The Paradox of Positions

By — on / Dispute Resolution

It’s not difficult for negotiators haggling over seemingly finite resources to become entrenched in their positions. Sometimes the only way to get unstuck is to think appreciatively and creatively about the other side. Rather than trying to determine why a person has taken a particular position, consider what she wants, appreciate it, and try to deliver it.

When you modify and expand resources, you fit the problem to the parties. If that seems easier said than done, consider how the Founding Fathers reached agreement on the structure of the U.S. Congress.

In 1787, following James Madison’s “Virginia Plan,” representatives from states with relatively large populations sought to structure a legislature based on state population. Meanwhile, those from less-populated states wanted equal representation by state, as in William Paterson’s “New Jersey Plan.” Deliberation grew so heated that at one point, according to The Records of the Federal Convention of 1787, Delaware representative Gunning Bedford, Jr. threatened to walk away: “The small [states] will find some foreign ally of more honor and good faith who will take them by the hand and do them justice.”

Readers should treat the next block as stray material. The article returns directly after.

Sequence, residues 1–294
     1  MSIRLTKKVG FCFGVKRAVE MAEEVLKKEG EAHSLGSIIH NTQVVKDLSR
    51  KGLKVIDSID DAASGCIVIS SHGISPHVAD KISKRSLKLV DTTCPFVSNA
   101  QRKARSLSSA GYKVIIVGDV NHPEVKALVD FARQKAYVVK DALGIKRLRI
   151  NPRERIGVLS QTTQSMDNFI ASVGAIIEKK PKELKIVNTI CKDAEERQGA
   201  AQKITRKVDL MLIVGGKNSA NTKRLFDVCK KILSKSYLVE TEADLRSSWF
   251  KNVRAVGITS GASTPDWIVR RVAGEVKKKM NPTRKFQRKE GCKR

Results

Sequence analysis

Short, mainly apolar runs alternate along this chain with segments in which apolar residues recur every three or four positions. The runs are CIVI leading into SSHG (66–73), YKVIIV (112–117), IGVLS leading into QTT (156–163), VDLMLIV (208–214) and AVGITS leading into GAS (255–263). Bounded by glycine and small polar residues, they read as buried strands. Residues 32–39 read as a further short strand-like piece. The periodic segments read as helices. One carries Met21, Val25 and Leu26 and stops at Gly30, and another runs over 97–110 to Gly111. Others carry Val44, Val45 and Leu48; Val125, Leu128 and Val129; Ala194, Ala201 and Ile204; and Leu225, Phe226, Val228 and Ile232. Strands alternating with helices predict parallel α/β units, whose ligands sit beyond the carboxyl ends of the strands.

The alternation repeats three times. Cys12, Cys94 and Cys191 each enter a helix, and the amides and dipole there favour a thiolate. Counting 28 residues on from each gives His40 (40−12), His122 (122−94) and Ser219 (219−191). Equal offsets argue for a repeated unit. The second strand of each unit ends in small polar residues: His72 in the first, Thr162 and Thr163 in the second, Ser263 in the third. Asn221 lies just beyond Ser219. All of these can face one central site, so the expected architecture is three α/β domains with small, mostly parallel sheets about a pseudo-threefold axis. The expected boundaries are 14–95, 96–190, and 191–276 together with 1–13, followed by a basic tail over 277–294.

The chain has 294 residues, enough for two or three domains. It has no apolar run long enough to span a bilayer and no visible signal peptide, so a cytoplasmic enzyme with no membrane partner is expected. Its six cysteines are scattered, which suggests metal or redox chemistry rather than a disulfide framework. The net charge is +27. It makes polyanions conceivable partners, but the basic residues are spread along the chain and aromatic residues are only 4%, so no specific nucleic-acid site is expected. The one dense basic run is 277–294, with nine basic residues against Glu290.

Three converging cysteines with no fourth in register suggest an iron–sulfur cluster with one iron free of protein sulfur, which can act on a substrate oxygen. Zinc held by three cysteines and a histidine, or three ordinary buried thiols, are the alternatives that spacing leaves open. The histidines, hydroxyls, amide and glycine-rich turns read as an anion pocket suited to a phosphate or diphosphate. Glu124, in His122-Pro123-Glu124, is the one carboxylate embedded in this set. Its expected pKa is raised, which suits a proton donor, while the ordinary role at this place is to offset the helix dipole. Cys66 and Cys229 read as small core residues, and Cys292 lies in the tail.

The solution? Connecticut representative Roger Sherman suggested a bicameral legislature made up of a “house of representatives” based on population and a “senate” based on equal representation by state. Expanding the pie gave both sides what they wanted.

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